I feel that the best things of any age remain as traditional crafts
The CEO of Hanashyo, an Edo kiriko (hand-cut glass) works...
Kimoto Glass Tokyo has seen the glass industry inside and out during its 80-year operations since its founding as a glass wholesaler. Pressured by cheaper imports, the Japanese glass industry has been shrinking year after year. As many factories disappear and the decrease in the number of glass craftspersons accelerates, Kimoto Glass Tokyo’s sense of mission has grown strong to help protect the industry as one of its member dedicated to glassware.
Beginning with Edo Kiriko, traditional Japanese cut glass, there still are many traditional glass products in Tokyo, as well as craftspersons with excellent skill. The mission of glass wholesalers connecting glass craftspersons and customers is to create ways to evolve Tokyo’s glasswork tradition and publicize its existence, while protecting that tradition as well as craftsmanship involved in it.
With that thought in mind, Kimoto Glass Tokyo has created many products of innovative designs using traditional techniques. Those products include black Edo Kiriko, which was hard to make before, sandblasted ones and streamline-shaped ones based on ergonomics. They are all thanks to Kimoto Glass Tokyo’s capability to create a design concept, while connecting craftspersons and top designers.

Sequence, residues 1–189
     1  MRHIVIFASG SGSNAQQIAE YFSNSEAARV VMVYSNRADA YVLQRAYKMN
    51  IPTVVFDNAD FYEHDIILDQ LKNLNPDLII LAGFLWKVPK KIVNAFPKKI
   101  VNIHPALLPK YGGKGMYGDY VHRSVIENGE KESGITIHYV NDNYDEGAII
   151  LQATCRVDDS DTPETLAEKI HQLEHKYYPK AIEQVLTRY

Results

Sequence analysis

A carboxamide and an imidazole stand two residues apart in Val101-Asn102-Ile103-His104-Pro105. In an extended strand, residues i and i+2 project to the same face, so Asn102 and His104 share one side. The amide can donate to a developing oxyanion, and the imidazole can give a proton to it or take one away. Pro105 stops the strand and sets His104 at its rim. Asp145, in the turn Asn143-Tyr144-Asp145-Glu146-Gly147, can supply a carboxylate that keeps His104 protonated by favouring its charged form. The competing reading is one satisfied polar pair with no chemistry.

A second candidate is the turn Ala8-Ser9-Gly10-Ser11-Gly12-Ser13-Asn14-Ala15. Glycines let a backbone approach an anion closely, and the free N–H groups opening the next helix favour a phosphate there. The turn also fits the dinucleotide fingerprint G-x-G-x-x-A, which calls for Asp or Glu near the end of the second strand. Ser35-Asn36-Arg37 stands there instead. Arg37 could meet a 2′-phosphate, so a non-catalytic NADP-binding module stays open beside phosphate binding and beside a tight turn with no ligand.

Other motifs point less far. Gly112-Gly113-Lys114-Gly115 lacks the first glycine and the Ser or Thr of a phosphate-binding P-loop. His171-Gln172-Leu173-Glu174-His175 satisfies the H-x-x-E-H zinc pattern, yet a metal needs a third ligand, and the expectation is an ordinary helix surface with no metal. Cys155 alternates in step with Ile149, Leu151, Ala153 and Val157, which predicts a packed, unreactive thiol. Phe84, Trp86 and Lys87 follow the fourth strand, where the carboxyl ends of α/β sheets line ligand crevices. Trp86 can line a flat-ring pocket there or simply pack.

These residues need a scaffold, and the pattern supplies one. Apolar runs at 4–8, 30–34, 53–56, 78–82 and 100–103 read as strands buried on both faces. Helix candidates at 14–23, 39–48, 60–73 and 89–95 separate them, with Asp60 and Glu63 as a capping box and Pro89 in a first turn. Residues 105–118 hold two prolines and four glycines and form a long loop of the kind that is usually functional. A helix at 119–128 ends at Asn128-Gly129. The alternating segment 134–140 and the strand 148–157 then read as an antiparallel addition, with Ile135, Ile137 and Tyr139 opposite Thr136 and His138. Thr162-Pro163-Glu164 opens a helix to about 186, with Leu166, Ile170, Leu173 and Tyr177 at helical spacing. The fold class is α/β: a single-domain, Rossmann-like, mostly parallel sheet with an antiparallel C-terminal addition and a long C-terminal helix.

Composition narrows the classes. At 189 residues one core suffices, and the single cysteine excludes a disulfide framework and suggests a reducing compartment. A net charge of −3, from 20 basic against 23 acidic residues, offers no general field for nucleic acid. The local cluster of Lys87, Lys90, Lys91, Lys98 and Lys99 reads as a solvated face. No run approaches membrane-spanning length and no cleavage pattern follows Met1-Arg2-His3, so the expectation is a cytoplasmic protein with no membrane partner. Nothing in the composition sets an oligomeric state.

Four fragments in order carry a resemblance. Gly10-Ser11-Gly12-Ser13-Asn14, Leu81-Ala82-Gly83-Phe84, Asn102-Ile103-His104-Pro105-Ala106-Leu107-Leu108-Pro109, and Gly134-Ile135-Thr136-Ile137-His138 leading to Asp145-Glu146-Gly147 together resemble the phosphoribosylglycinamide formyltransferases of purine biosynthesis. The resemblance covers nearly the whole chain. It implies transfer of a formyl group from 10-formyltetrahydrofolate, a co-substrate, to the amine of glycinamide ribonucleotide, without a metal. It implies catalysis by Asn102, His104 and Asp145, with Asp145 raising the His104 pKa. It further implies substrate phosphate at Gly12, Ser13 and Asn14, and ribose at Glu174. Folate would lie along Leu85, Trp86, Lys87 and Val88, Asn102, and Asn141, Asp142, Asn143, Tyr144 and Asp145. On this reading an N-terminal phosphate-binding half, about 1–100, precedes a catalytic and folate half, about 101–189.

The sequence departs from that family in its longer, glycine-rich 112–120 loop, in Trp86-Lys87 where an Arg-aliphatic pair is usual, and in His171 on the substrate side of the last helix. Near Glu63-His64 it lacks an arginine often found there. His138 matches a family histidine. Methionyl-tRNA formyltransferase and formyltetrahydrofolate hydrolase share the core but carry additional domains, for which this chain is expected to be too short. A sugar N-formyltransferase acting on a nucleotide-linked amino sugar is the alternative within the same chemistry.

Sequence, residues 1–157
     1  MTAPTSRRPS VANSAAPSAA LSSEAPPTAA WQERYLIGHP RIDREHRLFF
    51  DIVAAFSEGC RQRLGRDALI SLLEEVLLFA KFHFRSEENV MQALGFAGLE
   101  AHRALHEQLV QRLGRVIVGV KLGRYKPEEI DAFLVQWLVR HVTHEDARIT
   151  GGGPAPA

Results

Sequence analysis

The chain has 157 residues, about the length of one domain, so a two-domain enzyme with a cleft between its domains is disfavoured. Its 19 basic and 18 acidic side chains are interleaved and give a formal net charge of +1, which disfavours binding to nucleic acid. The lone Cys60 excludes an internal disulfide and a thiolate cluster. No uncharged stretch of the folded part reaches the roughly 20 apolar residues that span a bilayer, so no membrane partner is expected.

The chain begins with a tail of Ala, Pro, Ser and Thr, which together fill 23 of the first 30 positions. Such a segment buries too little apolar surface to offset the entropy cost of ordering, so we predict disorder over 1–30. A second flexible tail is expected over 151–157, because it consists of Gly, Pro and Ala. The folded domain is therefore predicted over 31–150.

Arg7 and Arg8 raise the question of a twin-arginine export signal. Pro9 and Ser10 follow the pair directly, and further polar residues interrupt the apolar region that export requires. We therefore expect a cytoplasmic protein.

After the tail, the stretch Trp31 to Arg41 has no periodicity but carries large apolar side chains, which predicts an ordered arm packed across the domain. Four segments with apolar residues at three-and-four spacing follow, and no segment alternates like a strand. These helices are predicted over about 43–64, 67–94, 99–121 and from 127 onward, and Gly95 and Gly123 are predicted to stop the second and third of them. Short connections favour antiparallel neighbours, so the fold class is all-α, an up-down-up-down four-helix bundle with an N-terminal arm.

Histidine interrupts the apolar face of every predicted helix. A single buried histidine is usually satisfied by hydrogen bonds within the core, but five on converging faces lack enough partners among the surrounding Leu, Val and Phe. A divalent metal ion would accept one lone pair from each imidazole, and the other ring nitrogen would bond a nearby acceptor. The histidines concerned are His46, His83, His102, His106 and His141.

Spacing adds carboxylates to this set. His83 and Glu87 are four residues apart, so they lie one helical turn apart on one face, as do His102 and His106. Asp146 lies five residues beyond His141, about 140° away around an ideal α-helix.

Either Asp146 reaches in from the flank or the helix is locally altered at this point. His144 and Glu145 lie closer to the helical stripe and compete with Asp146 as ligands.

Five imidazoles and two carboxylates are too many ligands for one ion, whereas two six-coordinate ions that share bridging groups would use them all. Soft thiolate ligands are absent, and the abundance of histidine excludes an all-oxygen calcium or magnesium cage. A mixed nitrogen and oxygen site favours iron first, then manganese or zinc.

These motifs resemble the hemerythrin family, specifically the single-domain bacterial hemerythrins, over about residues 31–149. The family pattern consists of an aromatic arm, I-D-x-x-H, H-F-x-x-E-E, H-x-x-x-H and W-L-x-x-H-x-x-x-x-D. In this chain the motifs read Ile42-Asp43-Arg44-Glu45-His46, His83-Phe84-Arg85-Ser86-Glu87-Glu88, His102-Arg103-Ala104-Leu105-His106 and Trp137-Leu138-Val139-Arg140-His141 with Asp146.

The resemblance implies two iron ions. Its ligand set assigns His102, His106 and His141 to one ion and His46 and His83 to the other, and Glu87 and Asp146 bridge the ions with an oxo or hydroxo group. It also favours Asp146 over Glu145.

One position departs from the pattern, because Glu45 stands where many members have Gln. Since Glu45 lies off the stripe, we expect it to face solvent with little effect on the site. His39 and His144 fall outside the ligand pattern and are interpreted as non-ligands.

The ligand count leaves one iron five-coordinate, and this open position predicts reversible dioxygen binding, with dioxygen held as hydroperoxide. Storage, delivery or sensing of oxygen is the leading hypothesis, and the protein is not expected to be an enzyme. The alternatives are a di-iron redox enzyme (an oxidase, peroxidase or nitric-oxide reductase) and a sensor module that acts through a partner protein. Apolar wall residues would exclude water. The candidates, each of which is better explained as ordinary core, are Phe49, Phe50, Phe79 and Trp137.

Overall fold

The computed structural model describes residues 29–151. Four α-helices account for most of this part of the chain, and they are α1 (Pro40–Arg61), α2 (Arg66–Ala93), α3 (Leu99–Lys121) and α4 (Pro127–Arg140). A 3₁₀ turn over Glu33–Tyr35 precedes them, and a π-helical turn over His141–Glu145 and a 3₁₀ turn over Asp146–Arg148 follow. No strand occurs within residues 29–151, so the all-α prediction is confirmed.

Through suggestions of paring food and liqueur, in which it is suggested that drinks as well as glasses be switched to go with different kinds of food, Kimoto Glass Tokyo engages in publicizing new ways to enjoy glass and liqueur by working with sake brewers based in Tokyo.
In wine and cocktail cultures, it has always been a matter of course to change glasses in terms of shape and size depending on the types of drinks and how they are served. Despite the fact that there are as much variety in tastes and flavors in sake as in wines, however, the importance of sake cups/glasses has never been addressed emphatically in the past. But the fact is a large-bowled glass goes very well with sake characterized by a fragrant flavor, and a tall, slim glass with sake with a refreshing taste. By just changing the glass, one may have an entirely different impression of even a familiar sake.
The evolution of Edo glass will make Japanese food culture even more interesting.